How are the Northern Spotted Owls Protected?
The primary protection provided for the spotted owl is through the Endangered Species Act. By designating the owl as threatened, the federal government prohibits harming, harassing or injuring spotted owls. Shortly after the owl was listed, the federal government designated lands for the owl called critical habitat in 1992, and then in 1994, formalized a management plan for the owl and more than 1,000 old-growth forest species in the three-state range of the owl. This comprehensive plan, called the Northwest Forest Plan, is the foundation of owl conservation. The Northwest Forest Plan (encompassing all of the land west of the red line on the map above) covers 24.5 million acres across the three-state range. In Washington alone, more than 13 million acres has a management plan for the owl that complements the federal conservation strategy. In addition, every individual owl is protected from harm under the Endangered Species Act.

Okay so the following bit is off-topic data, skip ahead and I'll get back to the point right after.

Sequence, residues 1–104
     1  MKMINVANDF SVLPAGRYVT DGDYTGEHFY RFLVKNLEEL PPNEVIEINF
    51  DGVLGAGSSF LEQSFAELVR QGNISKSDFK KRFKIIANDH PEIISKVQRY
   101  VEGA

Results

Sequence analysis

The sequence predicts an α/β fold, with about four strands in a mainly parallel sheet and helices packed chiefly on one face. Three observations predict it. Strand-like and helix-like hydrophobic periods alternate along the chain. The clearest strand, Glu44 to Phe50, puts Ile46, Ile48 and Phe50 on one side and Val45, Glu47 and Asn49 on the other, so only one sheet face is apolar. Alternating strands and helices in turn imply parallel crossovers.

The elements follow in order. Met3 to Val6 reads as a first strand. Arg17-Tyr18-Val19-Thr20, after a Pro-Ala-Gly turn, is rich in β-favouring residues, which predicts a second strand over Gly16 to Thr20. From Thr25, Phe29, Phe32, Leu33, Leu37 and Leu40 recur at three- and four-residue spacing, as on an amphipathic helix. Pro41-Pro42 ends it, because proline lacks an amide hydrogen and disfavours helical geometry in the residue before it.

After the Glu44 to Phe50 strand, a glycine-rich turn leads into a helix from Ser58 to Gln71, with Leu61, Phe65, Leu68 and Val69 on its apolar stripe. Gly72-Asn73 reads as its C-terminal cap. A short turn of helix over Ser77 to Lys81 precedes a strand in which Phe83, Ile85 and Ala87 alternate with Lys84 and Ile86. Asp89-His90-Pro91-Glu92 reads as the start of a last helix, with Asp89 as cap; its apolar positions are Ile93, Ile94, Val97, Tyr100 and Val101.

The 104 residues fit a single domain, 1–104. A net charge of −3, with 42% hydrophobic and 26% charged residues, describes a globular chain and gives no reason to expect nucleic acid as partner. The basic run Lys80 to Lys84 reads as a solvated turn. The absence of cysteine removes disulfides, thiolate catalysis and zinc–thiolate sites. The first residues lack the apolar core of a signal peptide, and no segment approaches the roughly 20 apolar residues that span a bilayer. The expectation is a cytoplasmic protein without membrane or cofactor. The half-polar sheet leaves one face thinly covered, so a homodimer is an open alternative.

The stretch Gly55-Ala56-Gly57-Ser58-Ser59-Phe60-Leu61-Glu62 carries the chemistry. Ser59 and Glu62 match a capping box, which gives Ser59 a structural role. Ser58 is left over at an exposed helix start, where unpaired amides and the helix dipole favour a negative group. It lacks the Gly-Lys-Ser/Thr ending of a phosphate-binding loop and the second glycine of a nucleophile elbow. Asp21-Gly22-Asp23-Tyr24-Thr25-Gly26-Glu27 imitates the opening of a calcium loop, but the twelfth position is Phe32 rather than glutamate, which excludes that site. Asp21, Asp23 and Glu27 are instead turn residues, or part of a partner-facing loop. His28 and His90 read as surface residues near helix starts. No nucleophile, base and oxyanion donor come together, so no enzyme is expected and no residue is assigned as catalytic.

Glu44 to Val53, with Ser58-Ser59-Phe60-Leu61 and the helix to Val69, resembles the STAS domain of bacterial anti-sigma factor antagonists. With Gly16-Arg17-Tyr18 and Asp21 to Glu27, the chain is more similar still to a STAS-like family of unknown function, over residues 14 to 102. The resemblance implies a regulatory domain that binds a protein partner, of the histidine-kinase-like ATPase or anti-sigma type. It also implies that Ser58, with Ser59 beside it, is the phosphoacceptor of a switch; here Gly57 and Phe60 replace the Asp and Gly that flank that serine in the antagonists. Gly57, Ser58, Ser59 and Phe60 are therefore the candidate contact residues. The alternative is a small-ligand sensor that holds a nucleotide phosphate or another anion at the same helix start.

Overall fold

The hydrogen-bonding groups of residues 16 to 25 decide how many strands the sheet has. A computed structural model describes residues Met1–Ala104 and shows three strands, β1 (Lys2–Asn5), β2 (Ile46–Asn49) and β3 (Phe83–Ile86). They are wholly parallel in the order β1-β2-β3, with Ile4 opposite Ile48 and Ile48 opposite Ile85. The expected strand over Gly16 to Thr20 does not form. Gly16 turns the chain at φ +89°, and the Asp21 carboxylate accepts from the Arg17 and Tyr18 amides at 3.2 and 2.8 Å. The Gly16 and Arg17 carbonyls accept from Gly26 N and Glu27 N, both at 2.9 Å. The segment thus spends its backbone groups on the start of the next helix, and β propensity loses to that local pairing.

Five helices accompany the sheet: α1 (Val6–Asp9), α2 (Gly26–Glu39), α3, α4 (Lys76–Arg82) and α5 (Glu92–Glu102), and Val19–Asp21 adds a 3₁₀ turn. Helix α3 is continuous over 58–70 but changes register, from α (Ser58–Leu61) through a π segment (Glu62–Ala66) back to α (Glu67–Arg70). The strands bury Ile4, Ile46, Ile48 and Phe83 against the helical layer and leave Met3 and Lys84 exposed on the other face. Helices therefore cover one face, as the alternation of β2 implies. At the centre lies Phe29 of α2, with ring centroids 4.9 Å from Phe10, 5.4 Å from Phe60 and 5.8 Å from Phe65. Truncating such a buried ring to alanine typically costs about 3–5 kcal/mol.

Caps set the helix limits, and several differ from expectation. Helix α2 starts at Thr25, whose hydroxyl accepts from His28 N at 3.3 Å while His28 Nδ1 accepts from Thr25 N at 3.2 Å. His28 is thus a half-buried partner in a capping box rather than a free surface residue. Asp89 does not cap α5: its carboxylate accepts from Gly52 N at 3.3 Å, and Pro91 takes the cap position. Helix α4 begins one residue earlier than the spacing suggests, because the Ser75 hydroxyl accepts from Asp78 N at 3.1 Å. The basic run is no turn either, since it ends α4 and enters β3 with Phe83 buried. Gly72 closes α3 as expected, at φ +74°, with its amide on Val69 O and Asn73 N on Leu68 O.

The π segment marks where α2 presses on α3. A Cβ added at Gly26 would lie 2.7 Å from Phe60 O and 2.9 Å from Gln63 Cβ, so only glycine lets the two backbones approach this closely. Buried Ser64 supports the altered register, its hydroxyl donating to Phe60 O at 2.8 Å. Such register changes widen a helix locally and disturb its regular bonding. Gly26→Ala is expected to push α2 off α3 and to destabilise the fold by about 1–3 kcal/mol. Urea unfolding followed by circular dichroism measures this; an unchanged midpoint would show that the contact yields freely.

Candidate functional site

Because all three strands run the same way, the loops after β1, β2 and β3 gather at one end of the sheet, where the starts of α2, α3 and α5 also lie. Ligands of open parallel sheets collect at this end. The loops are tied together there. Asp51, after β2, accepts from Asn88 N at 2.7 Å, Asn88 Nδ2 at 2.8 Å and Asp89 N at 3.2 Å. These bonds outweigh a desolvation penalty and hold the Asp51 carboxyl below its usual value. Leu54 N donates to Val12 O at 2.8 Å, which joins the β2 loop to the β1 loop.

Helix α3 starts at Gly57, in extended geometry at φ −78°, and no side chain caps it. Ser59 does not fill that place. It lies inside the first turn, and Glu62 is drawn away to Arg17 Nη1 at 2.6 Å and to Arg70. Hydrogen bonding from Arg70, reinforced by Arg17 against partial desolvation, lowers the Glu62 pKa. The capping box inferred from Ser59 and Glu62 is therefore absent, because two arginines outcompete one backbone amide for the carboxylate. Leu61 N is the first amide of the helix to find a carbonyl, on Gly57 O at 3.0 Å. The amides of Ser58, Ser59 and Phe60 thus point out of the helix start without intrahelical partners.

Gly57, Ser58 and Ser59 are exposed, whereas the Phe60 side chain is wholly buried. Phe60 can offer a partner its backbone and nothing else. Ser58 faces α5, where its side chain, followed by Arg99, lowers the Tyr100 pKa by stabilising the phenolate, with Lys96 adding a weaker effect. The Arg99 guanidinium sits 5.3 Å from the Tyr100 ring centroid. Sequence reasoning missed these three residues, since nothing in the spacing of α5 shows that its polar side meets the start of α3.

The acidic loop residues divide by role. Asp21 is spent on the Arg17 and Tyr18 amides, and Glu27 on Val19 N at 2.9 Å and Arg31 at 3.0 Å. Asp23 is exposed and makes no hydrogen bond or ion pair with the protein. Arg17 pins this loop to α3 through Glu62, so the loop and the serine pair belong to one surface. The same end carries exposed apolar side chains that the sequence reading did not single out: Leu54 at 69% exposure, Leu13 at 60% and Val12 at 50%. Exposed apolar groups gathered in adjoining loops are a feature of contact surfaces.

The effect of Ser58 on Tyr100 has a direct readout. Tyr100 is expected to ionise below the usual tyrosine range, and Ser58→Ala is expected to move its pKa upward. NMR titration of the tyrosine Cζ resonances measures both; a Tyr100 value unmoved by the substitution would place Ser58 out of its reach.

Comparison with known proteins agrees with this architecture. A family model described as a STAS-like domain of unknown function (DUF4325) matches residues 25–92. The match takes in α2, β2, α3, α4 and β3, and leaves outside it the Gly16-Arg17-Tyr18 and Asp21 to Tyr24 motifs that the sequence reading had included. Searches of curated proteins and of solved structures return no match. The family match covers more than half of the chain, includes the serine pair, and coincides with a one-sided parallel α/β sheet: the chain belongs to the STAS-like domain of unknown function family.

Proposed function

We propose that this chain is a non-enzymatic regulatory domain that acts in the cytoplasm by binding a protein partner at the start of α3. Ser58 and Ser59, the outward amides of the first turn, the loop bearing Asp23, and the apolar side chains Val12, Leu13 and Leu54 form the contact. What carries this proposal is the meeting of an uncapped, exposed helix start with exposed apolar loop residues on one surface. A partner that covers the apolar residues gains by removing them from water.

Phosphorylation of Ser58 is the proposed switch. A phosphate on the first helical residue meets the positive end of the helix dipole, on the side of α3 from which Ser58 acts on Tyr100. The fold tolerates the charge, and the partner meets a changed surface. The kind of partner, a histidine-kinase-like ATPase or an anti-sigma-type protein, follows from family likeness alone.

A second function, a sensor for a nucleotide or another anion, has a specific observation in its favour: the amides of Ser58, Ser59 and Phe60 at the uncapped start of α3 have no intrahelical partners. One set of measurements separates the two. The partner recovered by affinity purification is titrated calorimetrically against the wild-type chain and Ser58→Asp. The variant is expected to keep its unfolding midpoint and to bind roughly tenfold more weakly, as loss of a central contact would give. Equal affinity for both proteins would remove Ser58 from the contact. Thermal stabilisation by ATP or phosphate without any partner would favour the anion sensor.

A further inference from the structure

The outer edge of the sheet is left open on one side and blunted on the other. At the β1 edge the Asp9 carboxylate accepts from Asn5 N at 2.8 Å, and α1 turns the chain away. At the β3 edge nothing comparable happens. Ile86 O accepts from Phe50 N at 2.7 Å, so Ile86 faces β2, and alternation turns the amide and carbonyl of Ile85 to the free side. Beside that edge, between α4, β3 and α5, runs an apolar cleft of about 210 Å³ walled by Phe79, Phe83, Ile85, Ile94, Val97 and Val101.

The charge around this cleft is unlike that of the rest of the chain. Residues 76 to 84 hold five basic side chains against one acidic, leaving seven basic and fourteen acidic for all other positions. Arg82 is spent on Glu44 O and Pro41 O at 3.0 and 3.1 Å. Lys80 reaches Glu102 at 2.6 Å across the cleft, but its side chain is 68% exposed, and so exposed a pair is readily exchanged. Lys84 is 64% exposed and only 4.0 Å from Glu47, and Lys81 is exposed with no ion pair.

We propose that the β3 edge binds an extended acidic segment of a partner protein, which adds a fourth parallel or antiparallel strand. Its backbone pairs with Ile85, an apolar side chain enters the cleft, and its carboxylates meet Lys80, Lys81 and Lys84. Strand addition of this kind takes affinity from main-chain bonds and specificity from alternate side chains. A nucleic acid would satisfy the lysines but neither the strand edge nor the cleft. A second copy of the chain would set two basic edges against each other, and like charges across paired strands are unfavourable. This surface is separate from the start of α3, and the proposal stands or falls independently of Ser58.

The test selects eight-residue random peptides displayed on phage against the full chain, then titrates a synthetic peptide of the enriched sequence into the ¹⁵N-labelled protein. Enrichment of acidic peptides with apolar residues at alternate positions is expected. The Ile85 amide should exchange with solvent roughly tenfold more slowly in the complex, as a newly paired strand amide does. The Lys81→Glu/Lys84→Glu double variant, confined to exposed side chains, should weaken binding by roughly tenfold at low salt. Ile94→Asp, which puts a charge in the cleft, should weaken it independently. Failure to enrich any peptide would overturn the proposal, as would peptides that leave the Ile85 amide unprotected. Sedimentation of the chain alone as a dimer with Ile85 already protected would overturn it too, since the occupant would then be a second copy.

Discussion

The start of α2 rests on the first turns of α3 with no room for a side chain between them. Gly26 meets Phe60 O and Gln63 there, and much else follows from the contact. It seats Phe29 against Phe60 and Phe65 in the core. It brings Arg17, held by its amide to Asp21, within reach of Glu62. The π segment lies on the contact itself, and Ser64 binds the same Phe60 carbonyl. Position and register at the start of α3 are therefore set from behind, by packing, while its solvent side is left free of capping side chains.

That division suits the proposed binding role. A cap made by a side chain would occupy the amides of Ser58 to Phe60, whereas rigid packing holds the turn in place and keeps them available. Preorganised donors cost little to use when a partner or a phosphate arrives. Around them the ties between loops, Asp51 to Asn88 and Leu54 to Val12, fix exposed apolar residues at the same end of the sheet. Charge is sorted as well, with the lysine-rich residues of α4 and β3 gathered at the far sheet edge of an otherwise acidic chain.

- Total Forestland
- Federal Forestland Preserved from Management
- Critical Habitat Units
- Northwest Forest Plan
- Habitat Conservation Plans
- Special Emphasis Areas
- Tribal Forestland
- Northwest Forest Plan Boundary
Facts & Figures
Every individual owl is protected from harm under the Endangered Species Act.
13.6 million acres
Land within the Northwest Forest Plan Boundary which has a plan to complement the federal conservation strategy.
Management plans for the Northern Spotted Owl
Washington State’s contribution to owl recovery on non-federal lands was developed through a collaborative stakeholder process, and adopted into law in 1996.
In 1990, the number one threat to the Northern Spotted Owl was habitat loss. Today, protection of habitat in is the number one accomplishment of the Northwest Forest Plan.